• If you intend to use your kayak only a few times a year like for instance during summer, two of the best options are the inflatable and sit-on-top kayak. These types are easier to store and are often sold at a reasonable price. The inflatable kayak is also quite stable and can be used by beginners.
  • If you are looking for a kayak that you can use in any recreational kayaking activity, check out the all-rounder kayaks.

seawater kayaking

# 3 Stability

If you are a beginner, chances are, you are still trying to manage your balance and stability. And one factor that can help improve your balance is the stability of your kayak. Unfortunately, many first-time buyers fail to recognise this.

If you don’t want to end up buying the wrong kayak, choose the one that offers stability. The kayak should be able to relax in the calm water. Choose the one that is less likely to tip over, and can easily be maneuvered. Those beamy kayaks that are under 100 pounds are often the most stable ones. They are designed for paddlers and are suitable for beginners.

#4 Length

The length of the kayak greatly impacts its manoeuvrability and speed. Kayaks with longer lengths are relatively faster than the shorter kayaks. Longer also means less deep in the water, which means less drag because the amount that is in the water is streamlined behind the rest. They also track better.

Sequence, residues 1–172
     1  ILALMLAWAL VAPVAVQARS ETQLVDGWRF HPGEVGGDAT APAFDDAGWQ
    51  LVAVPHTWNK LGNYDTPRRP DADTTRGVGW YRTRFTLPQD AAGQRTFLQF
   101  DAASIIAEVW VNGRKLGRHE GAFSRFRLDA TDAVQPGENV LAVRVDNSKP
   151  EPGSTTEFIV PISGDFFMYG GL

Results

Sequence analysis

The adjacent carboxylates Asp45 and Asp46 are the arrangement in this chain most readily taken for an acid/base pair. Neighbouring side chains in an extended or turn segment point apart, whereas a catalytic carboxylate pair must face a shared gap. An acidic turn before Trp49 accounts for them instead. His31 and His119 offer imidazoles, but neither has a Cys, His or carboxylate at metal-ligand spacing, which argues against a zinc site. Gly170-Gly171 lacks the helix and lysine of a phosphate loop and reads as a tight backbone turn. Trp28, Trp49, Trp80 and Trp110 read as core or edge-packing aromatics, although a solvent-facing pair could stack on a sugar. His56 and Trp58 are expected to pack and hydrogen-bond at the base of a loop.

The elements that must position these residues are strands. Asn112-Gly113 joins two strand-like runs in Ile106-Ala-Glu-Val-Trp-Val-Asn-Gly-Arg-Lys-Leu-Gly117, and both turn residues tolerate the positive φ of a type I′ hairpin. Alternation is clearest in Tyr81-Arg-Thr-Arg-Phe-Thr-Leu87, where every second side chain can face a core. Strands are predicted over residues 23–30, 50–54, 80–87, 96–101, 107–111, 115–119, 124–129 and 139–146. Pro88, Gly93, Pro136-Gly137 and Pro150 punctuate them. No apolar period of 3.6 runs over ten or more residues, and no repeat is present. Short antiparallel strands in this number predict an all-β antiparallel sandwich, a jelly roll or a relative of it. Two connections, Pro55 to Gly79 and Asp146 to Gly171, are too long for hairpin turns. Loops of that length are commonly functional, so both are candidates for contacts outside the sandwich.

#5 Size

Kayaks are available in different sizes. Know your body type and pick a kayak size that fits your body width well. When choosing the size, also consider how much extra space you need for your gear.

Different Types of Kayaks

Kayaks are generally categorised into eight main types. These are:

  • Recreational Kayak. This type of kayak is intended for casual paddlers. It is designed with a larger cockpit, limited cargo capacity, and wider beam. The recreational kayak is generally easy to use and it also offers stability. One example of a recreational kayak is the tourer kayak.
  • Sea kayak. As its name suggests, a sea kayak is designed for ocean or sea kayaking use. However, it can also be used on open waters of bays and lakes. This type is seaworthy, stable, and has a cargo capacity of up to three paddlers. It features below-deck storage and a longer waterline. Under the sea, kayak are the sub-types open-deck sit on top kayaks, skin on frame kayak, and recreational kayaks.